Shopping for Vintage Jewelry

Jackie Mantey
A selection of rings from Scotch Street Vintage's Etsy store.

Editor’s note: Columbus Weddings writer Jackie Mantey is planning a wedding of her own. She and her fiancé chose an engagement ring fromScotch Street Vintage—an Etsy shop that you may recognize from our monthly Etsy Eight roundups—and took the time to chat with shop owner Lori Sudler about tips for buying and caring for vintage jewelry. Read their Q&A below.

How did you become interested in vintage jewelry?

My mom and I have always been “treasure hunters.” Going to antique stores, flea markets and estate sales has always been a favorite Saturday thing to do. I have always been obsessed with glassware. The craftsmanship and intricacy of vintage glassware and stemware is incredible. It was a good friend that said to me, “If you love glassware, you should check out vintage jewelry.” I was immediately hooked, and these two vintage areas did have a great deal in common. They both have a sentimental quality to them and you can’t find anything like them anymore.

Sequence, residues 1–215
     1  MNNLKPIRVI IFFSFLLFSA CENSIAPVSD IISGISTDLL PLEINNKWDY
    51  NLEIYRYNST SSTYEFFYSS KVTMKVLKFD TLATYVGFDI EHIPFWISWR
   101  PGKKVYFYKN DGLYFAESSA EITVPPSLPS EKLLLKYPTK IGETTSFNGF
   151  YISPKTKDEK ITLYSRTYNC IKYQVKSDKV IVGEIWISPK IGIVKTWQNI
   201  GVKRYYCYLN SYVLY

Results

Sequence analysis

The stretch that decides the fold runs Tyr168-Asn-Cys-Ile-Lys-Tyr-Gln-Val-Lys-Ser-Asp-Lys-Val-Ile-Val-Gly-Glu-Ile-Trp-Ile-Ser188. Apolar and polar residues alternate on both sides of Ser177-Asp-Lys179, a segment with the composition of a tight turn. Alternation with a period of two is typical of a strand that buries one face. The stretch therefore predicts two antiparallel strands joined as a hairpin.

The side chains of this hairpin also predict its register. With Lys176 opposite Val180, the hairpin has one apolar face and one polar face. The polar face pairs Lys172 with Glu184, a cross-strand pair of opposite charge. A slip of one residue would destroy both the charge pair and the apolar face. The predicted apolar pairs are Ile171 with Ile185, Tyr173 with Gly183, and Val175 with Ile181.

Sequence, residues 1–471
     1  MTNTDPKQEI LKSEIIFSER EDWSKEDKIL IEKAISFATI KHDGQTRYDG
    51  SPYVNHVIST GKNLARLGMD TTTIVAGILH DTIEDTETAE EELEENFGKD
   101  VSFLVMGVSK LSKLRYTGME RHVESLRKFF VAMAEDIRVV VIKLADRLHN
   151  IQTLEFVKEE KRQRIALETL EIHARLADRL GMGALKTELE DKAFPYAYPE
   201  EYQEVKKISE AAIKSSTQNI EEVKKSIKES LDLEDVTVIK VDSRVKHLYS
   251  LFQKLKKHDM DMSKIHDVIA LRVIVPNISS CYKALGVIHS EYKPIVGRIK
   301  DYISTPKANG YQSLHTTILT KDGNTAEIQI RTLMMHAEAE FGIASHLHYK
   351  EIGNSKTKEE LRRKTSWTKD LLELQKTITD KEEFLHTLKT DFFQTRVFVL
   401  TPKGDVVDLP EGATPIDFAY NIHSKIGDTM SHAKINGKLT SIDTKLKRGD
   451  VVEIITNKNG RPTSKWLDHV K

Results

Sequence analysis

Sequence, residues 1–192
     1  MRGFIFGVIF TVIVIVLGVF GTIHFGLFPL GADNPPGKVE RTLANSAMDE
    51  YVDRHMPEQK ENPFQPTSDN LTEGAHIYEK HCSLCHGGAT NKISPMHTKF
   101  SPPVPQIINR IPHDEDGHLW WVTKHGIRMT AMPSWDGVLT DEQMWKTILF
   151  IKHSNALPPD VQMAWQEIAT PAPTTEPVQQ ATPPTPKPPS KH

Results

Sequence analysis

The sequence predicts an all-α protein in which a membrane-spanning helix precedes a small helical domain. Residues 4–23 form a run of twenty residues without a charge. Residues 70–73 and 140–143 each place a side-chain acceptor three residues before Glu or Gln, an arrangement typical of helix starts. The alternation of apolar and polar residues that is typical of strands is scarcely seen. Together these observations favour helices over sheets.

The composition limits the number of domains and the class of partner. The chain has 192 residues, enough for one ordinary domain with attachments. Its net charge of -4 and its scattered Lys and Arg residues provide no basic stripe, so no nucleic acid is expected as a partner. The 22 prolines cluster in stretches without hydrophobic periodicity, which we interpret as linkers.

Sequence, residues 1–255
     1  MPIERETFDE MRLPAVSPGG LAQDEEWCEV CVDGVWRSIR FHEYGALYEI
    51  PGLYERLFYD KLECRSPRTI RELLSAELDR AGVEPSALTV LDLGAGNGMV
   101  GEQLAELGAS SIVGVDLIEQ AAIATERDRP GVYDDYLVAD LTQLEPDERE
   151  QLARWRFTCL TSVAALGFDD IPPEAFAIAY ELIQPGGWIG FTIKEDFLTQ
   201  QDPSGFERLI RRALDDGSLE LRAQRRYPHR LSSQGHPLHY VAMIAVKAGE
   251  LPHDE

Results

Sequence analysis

When and why did you start Scotch Street Vintage?

For a long time, my business was family photography, but as my business grew, so did arthritis in my hands. Long weekends of multiple shoots were becoming painful and taking a great deal of time away from my family. It was my mom that suggested starting a vintage business. So in 2013, I launched Scotch Street Vintage. It started with furniture and lots of glassware, and then my friend put the jewelry idea in my head. After about a year of hard-core research and building a collection, I shifted Scotch Street Vintage in the vintage jewelry direction.

What does the name mean?

It’s funny, I get so many questions about the name. The name of the street I live on is the name of an old, renowned scotch. I originally contacted them and to see if I could [use the name of that scotch to] name my shop “Said Scotch” Vintage, and they said no. So I dumbed it down to Scotch Street Vintage. It is completely literal.

Have you seen any increased interest in vintage rings as a wedding piece?